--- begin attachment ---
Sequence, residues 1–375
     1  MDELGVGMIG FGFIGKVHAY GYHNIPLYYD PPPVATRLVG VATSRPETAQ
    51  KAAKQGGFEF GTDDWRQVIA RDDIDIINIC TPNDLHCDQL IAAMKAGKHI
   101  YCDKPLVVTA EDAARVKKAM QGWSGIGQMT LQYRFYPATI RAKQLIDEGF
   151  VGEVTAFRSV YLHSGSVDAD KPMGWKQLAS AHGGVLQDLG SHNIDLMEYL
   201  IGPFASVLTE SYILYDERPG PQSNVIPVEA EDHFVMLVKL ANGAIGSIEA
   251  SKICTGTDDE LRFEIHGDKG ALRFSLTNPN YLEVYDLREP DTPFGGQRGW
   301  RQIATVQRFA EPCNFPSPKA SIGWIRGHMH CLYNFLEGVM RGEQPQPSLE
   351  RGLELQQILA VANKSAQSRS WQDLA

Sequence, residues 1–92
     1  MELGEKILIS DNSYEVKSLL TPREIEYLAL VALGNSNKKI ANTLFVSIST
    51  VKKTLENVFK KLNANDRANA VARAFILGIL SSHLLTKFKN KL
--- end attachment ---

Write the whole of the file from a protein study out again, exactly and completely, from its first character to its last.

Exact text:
Sequence, residues 1–375
     1  MDELGVGMIG FGFIGKVHAY GYHNIPLYYD PPPVATRLVG VATSRPETAQ
    51  KAAKQGGFEF GTDDWRQVIA RDDIDIINIC TPNDLHCDQL IAAMKAGKHI
   101  YCDKPLVVTA EDAARVKKAM QGWSGIGQMT LQYRFYPATI RAKQLIDEGF
   151  VGEVTAFRSV YLHSGSVDAD KPMGWKQLAS AHGGVLQDLG SHNIDLMEYL
   201  IGPFASVLTE SYILYDERPG PQSNVIPVEA EDHFVMLVKL ANGAIGSIEA
   251  SKICTGTDDE LRFEIHGDKG ALRFSLTNPN YLEVYDLREP DTPFGGQRGW
   301  RQIATVQRFA EPCNFPSPKA SIGWIRGHMH CLYNFLEGVM RGEQPQPSLE
   351  RGLELQQILA VANKSAQSRS WQDLA

Sequence, residues 1–92
     1  MELGEKILIS DNSYEVKSLL TPREIEYLAL VALGNSNKKI ANTLFVSIST
    51  VKKTLENVFK KLNANDRANA VARAFILGIL SSHLLTKFKN KL